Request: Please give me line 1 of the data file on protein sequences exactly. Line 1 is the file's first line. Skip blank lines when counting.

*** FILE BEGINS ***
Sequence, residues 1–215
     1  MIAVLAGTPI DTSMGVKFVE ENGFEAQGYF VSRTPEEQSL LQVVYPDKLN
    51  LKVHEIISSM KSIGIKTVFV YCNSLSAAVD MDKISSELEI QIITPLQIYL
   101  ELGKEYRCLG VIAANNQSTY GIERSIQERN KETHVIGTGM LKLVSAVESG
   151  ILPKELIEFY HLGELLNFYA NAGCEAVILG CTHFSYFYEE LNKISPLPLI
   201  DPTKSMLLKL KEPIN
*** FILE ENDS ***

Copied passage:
Sequence, residues 1–215